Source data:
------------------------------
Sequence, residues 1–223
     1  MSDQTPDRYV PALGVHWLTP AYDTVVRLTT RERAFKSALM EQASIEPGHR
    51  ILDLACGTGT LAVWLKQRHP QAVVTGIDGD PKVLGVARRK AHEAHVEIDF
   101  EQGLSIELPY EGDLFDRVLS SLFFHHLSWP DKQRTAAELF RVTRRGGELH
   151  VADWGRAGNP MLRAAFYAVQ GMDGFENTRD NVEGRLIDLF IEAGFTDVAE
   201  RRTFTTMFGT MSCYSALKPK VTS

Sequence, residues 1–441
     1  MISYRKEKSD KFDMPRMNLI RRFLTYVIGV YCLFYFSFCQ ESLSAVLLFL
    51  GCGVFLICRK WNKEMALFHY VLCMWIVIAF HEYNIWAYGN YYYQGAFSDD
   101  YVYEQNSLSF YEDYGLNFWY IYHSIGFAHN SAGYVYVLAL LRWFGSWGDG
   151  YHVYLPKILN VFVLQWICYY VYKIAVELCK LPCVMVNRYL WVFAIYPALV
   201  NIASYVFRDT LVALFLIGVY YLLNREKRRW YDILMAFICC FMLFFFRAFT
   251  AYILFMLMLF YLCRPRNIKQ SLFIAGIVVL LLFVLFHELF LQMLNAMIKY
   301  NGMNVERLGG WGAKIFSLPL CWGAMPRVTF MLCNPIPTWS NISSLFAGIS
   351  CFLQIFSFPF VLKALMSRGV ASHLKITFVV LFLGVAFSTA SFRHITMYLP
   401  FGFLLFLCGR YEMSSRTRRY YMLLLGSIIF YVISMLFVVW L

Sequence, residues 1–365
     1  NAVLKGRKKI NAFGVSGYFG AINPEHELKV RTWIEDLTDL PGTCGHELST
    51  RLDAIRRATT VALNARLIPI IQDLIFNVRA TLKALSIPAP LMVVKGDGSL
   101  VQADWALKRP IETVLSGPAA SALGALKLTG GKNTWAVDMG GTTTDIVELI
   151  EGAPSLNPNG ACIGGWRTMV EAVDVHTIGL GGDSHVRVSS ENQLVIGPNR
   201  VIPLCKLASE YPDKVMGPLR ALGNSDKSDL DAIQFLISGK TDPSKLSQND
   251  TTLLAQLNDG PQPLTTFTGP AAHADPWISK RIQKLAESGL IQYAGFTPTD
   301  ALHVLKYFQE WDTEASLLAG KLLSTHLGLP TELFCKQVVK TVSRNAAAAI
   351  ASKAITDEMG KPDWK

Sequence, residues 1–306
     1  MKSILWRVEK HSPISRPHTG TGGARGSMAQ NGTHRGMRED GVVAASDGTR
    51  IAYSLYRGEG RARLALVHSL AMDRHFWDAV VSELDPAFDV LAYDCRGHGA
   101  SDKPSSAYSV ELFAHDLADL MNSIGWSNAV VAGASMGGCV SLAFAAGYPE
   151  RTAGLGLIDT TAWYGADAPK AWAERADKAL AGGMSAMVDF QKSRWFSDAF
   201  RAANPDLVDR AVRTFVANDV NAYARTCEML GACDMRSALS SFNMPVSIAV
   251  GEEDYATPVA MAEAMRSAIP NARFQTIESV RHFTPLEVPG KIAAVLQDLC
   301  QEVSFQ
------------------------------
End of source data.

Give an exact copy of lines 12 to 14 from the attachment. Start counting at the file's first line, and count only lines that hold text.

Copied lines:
   201  NIASYVFRDT LVALFLIGVY YLLNREKRRW YDILMAFICC FMLFFFRAFT
   251  AYILFMLMLF YLCRPRNIKQ SLFIAGIVVL LLFVLFHELF LQMLNAMIKY
   301  NGMNVERLGG WGAKIFSLPL CWGAMPRVTF MLCNPIPTWS NISSLFAGIS